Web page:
such corpora do exist and that automatic methods and standards to
build them are today available).

TOPICS

To overcome the above mentioned issues, ACRH-2 aims at covering a
wide range of topics related to the annotation of corpora for
research in the Humanities.

The topics to be addressed in the workshop include (but are not
limited to) the following:

- specific issues related to the annotation of corpora for
  research in the Humanities

- annotated corpora as a basis for research in the Humanities

- diachronic, historical and literary annotated corpora

- use of annotated corpora for stylometrics and authorship
  attribution

- philological issues, like different readings, textual variants,
  apparatus, non-standard orthography and spelling variation

- annotation principles and schemes of corpora for research in
  the Humanities

- adaptation of NLP tools for older language varieties. Specific
  features of tools for accessing and retrieving annotated
  corpora to address various research topics in the Humanities

- examples of fruitful collaboration between Computational
  Linguistics and Humanities in building and exploiting annotated
  corpora

INVITED SPEAKER

Martin Wynne (University of Oxford, UK)

IMPORTANT DATES

Deadlines: always midnight, UTC ('Coordinated Universal Time'),
ignoring DST ('Daylight Saving Time'):

- Deadline for paper submission: September 2, 2012

- Notification of acceptance: October 7, 2012

- Final version of paper for workshop proceedings: October 28,
  2012

- Workshop: November 29, 2012

INSTRUCTIONS FOR SUBMISSION

We invite to submit full papers describing original, unpublished
research related to the topics of the workshop. Papers should not
exceed 12 pages.

The language of the workshop is English. All papers must be
submitted in well-checked English.

Papers should be submitted in PDF format only. Submissions have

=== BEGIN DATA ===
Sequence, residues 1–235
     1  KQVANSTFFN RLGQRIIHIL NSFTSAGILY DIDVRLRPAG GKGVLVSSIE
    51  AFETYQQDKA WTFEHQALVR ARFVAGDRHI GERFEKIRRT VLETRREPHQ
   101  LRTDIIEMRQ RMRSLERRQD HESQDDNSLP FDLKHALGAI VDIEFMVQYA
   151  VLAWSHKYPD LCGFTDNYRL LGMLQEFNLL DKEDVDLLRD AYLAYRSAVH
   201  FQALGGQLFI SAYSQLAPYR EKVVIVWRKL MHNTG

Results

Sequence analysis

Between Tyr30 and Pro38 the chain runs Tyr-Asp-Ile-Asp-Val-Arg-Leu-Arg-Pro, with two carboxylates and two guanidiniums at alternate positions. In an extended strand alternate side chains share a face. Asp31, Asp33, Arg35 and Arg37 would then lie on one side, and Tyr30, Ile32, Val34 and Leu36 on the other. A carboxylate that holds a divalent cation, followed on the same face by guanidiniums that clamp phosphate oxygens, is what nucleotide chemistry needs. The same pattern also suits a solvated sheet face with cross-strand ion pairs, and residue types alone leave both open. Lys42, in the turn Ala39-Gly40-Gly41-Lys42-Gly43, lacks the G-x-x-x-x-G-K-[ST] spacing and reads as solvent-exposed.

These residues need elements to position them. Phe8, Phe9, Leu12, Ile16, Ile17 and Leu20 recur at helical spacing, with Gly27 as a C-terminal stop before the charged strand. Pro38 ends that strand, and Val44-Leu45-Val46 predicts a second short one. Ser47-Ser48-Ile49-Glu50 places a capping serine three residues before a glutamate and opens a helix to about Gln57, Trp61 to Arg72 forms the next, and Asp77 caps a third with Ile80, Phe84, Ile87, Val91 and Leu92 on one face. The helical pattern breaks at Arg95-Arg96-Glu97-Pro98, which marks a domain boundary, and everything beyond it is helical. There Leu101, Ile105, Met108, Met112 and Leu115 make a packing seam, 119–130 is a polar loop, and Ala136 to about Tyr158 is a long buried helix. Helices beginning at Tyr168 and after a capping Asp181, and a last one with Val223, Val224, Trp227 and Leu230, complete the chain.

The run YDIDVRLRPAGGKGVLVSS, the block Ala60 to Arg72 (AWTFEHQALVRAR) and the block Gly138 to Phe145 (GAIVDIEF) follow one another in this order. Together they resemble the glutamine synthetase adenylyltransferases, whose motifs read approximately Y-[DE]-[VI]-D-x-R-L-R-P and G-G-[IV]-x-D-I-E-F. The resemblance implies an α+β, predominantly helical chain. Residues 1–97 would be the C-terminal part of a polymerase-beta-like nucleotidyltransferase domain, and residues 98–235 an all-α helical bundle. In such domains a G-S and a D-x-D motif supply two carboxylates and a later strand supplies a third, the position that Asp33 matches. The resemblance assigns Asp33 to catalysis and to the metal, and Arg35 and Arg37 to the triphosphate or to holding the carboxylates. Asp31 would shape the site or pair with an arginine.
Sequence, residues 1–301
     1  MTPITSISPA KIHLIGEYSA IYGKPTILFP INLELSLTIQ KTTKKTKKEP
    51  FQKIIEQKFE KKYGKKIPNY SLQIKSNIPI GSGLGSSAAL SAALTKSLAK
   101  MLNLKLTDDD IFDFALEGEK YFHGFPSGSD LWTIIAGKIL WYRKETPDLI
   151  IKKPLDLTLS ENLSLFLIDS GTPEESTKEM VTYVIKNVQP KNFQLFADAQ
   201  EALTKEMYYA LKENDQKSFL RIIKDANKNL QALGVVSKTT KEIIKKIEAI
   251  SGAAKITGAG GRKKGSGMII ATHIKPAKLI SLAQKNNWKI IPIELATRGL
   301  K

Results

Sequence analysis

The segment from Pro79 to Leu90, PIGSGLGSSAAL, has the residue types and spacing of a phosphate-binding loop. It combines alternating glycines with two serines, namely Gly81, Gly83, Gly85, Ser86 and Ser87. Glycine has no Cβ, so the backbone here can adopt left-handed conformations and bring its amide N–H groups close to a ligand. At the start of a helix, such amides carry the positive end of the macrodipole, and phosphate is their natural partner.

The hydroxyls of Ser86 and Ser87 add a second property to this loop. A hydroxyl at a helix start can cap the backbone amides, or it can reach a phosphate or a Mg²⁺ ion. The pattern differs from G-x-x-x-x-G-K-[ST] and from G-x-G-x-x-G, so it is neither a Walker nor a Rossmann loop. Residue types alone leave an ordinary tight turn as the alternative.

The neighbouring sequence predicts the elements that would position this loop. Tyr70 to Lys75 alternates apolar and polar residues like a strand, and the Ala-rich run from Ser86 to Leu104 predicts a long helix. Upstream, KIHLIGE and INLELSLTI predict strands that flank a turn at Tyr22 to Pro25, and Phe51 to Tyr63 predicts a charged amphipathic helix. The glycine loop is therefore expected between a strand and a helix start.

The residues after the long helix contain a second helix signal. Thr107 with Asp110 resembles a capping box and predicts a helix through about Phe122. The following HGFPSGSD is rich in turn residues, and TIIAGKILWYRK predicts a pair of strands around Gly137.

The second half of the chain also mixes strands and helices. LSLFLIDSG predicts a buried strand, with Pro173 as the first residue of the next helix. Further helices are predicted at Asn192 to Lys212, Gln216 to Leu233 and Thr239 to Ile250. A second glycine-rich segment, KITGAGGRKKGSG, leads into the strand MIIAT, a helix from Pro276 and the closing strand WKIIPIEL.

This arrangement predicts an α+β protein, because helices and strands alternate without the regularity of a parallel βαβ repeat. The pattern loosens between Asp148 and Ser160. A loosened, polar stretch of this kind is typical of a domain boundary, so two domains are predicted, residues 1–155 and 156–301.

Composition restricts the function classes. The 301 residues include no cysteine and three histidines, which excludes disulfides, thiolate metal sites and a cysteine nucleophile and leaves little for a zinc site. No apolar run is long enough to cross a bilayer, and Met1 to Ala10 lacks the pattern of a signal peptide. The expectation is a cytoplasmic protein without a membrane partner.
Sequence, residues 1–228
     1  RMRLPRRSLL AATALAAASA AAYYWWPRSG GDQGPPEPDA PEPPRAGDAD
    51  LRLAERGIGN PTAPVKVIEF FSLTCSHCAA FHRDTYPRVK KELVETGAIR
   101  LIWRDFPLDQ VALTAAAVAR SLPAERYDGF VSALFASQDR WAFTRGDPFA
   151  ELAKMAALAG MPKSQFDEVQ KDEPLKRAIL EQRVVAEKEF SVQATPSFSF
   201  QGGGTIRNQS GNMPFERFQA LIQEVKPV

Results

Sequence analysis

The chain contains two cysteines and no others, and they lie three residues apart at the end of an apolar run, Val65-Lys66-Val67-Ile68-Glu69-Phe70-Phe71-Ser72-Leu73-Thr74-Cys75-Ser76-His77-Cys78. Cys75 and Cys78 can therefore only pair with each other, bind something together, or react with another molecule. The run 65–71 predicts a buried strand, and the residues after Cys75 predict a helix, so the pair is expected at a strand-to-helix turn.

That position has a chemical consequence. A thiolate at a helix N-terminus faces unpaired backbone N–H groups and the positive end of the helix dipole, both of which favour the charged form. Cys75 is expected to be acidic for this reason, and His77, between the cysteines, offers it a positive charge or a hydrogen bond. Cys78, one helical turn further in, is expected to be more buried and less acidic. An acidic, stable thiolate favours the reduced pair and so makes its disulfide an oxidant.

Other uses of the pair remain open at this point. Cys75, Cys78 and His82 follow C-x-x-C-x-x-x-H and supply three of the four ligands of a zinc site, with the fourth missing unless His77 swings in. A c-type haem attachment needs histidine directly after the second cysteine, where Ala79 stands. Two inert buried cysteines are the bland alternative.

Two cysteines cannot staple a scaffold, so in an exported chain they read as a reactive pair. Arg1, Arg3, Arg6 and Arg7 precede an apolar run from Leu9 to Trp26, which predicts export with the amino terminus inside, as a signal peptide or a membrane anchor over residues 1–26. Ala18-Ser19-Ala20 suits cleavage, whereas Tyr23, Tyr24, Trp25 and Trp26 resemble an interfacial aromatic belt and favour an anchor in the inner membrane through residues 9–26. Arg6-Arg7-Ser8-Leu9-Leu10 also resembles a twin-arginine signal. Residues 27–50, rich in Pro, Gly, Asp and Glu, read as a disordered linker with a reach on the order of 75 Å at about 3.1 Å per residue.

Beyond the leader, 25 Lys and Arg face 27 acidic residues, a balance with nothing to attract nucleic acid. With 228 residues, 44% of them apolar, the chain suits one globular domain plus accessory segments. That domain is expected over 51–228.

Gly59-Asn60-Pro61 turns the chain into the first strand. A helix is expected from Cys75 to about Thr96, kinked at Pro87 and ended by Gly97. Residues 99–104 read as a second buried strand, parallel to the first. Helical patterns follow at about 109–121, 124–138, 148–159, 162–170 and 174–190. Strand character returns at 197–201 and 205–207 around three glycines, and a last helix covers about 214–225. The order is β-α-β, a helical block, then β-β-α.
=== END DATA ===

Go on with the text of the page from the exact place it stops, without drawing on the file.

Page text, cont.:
to be made via the EasyChair page of the workshop at
https://www.easychair.org/conferences/?conf=acrh2. Please, first
register at EasyChair if you do not have an EasyChair account.

The style guidelines follow the specifications required by TLT.
They can be found here:
http://alfclul.clul.ul.pt/crpc/acrh2/submission.html.

Please, note that as reviewing will be double-blind, the papers
should not include the authors' names and affiliations or any
references to web-sites, project names etc. revealing the
authors' identity. Furthermore, any self-reference should be
avoided. For instance, instead of "We previously showed (Brown,
2001)...", use citations such as "Brown previously showed (Brown,
2001)...". Each submitted paper will be reviewed by three members
of the program committee.

Submitted papers can be for oral or poster presentations (with or
without demo). There is no difference between the different kinds
of presentation both in terms of reviewing process and
publication in the proceedings (the limit of 12 pages holds for
both oral and poster presentations).

ORAL PRESENTATION

The oral presentations at the workshop will be 30 minutes long
(25 minutes for presentation and 5 minutes for questions and
discussion).

PROGRAM COMMITTEE CHAIRS

- Francesco Mambrini (University of Cologne, Germany)

- Marco Passarotti (Università Cattolica del Sacro Cuore, Milan,
  Italy)

- Caroline Sporleder (Saarland University, Saarbrücken, Germany)

PROGRAM COMMITTEE MEMBERS

- David Bamman (USA)

- Gabriel Bodard (UK)

- Lars Borin (Sweden)

- Antonio Branco (Portugal)

- Helma Dik (USA)

- Anette Frank (Germany)

- Dag Haug (Norway)

- Erhard Hinrichs (Germany)

- Beáta Megyesi (Sweden)

- Martha Nell Smith (USA)

- Petya Osenova (Bulgaria)

- Martin Reynaert (the Netherlands)

- Victoria Rosén (Norway)

- Jeff Rydberg Cox (USA)

- Melissa Terras (UK)

- Manfred Thaller (Germany)

- Martin Volk (Switzerland)

LOCAL ORGANIZATION

- Amalia Mendes

- Iris Hendrickx

- Sandra Antunes

- Aida Cardoso

- Sandra Perreira

All CLUL, University of Lisbon, Portugal